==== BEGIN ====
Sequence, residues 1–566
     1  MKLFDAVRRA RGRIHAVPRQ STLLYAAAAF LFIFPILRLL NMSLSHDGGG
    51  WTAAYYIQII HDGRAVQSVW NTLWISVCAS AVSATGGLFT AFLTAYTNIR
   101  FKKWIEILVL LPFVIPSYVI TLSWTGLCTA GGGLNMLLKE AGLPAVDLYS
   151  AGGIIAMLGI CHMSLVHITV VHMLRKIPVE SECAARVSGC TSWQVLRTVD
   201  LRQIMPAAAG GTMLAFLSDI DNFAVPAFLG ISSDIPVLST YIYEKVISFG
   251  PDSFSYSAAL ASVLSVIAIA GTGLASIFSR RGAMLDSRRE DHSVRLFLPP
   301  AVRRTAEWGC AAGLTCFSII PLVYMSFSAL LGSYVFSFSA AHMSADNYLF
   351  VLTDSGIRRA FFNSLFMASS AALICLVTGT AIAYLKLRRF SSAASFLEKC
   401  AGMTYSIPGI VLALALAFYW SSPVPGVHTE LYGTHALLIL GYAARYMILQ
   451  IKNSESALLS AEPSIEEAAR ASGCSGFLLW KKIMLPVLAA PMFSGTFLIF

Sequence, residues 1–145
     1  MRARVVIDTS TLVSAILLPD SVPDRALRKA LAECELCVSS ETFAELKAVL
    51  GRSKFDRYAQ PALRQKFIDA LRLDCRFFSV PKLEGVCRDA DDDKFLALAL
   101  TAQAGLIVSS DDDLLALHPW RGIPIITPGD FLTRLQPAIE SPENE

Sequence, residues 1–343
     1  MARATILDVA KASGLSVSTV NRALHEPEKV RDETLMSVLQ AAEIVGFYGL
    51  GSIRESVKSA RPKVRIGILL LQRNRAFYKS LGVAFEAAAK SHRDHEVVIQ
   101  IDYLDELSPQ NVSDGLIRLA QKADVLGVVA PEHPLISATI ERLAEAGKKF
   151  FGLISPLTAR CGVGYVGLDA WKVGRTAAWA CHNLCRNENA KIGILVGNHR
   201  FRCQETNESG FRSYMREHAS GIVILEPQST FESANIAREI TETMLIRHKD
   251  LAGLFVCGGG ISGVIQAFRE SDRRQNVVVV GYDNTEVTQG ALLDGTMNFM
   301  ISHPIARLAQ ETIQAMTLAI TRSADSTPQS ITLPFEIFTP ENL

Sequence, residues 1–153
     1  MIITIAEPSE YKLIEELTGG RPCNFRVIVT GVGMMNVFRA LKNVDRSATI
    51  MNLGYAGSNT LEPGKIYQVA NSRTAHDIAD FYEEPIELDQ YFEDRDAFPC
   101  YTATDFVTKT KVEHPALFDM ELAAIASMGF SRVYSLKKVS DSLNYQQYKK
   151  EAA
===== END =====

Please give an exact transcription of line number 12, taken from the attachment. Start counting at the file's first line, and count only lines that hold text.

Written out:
Sequence, residues 1–145